For all the charges and counter-charges, the litigation and millions of dollars spent on advertising both pro and con, the issue of slots at Arundel Mills mall comes down to a mere zoning decision. Next Tuesday, Anne Arundel County residents will decide whether to approve Question A and allow slot machines to be located in certain industrial or commercial zones.
Should voters follow the lead of their elected officials and approve the measure, a slots parlor housing 4,750 machines as well as live entertainment and restaurants will be built by a Baltimore developer on a section of the mall's parking lot. If voters reject Question A, the future of the project is far less certain: It may or may not be rebid, and it may not be built in the county at all.
This is a high-stakes decision. The Arundel Mills proposal is projected to be by far the most lucrative of the five slot machine facilities approved by the state. The hundreds of millions of dollars it would generate would help fund public education in Maryland and potentially forestall or prevent a tax increase that might be needed to close a potential $1.1 billion budget shortfall in Fiscal 2012.
But the consequences are even greater for those who live in Anne Arundel, where the Cordish Cos. project is expected to generate $300 million in construction spending and create hundreds of new jobs. It could also produce as much as $30 million in revenue annually for a county facing its own budget deficit of $70 million or more next year — thus significantly reducing the chances that Arundel residents would have to swallow tax increases or cuts to basic government services.
Voters should approve Question A not because a local company stands to benefit or because it has been endorsed by the county executive, firefighters, police, teachers, the county's chamber of commerce and county tax association but because it's simply in their best interests today and in the future. Two years ago, about 60 percent of county voters approved the constitutional amendment allowing a slots parlor in Anne Arundel, a margin even higher than the statewide result, and the case for expanded gaming has only gotten stronger.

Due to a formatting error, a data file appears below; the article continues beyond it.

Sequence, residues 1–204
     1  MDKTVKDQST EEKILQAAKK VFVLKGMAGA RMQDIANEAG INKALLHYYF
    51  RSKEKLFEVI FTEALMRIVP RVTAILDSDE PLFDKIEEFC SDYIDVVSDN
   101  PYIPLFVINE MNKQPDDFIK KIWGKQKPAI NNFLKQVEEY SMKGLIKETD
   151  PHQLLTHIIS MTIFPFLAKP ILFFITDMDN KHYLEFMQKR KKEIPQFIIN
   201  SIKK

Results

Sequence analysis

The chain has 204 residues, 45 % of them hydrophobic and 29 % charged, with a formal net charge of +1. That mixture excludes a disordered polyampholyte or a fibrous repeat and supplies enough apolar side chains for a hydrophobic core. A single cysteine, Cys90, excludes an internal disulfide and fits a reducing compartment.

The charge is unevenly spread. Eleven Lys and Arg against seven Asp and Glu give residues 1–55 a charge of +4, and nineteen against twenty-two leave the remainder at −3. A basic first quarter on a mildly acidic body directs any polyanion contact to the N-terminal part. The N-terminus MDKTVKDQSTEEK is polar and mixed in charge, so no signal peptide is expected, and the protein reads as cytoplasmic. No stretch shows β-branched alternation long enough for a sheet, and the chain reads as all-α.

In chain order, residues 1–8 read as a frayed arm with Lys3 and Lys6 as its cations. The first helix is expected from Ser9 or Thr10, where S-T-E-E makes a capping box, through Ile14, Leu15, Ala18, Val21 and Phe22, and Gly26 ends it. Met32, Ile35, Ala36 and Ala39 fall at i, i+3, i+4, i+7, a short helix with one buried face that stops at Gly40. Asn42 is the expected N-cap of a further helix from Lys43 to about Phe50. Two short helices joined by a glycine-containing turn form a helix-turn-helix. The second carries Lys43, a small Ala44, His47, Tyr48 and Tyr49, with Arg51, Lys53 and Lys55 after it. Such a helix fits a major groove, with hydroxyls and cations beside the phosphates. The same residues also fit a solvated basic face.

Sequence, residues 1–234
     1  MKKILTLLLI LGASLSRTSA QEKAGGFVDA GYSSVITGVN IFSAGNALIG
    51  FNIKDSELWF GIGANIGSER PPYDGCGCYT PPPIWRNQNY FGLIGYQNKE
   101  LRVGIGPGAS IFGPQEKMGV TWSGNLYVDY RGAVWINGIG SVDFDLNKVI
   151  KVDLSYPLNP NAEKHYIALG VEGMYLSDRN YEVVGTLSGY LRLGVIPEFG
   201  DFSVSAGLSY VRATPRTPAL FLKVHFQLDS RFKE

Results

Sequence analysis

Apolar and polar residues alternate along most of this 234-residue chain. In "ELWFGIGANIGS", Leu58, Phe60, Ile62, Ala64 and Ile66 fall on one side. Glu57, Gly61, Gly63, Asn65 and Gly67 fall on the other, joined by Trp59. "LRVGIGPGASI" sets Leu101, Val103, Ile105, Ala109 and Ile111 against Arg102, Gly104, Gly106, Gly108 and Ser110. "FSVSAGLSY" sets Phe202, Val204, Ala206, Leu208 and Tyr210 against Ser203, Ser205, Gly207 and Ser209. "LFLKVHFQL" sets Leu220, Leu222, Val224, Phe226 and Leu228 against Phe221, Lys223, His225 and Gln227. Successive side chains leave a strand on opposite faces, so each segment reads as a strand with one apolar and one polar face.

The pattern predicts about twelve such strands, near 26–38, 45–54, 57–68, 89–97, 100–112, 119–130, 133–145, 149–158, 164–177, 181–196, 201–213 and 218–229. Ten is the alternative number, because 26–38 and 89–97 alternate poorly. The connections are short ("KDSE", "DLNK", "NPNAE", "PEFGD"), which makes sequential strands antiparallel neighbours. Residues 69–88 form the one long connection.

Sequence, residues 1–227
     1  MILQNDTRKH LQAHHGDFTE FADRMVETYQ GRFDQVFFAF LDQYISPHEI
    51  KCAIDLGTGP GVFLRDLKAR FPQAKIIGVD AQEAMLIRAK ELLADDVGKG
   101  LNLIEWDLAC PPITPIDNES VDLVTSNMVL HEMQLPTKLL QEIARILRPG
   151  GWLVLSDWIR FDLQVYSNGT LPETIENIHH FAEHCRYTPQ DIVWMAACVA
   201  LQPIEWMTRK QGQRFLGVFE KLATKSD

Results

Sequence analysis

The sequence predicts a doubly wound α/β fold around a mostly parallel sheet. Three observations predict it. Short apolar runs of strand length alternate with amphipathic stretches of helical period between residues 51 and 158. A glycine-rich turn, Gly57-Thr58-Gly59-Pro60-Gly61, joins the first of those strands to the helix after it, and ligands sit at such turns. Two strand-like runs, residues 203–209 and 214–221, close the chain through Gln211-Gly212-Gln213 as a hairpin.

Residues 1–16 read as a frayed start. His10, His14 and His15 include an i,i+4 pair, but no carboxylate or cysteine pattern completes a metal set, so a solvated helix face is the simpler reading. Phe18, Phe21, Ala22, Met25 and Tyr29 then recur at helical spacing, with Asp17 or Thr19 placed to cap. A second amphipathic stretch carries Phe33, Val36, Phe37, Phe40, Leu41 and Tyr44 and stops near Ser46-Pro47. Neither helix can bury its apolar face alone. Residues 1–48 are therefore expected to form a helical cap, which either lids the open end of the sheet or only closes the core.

One can understand the objections of the owners of Laurel Park racetrack, and particularly those of Penn National, whose Hollywood Casino at Charles Town Races would stand to suffer from the competition. And it's also understandable that some people who live in the immediate vicinity of Arundel Mills are displeased by the prospect of further commercial development there. That's to be expected in any major development decision.
Yet if Maryland is going to have slot machines — and taxpayers are to gain the benefits that come with them — then they have to be put somewhere. The Arundel Mills site may be the safest gamble possible. It offers the advantage of the proximity of shopping, restaurants and hotels that should bring the slots greater patronage and bring more customers to those attractions as well. The mall's location between Baltimore and Washington and convenient access to major highways further improves its chances for success.
As much as Laurel Park's owners would have preferred to have slots there (despite their failure to make a qualified bid), everyone involved in Maryland horse racing stands to benefit as a portion of the slots proceeds would be used to enrich purses and to allow significant capital improvements to the tracks. Should Question A be rejected, much of that revenue would be lost.
Maryland's experience with slot machines has so far demonstrated that the potential for success is there. The state's first slots parlor at Perryville in Cecil County has done a land rush business, averaging $346 in daily revenue from each of its 1,500 machines, compared to the projected $210. There's no reason to believe Arundel Mills won't perform at least as well, and the residents of Anne Arundel County stand to reap the rewards by endorsing Question A.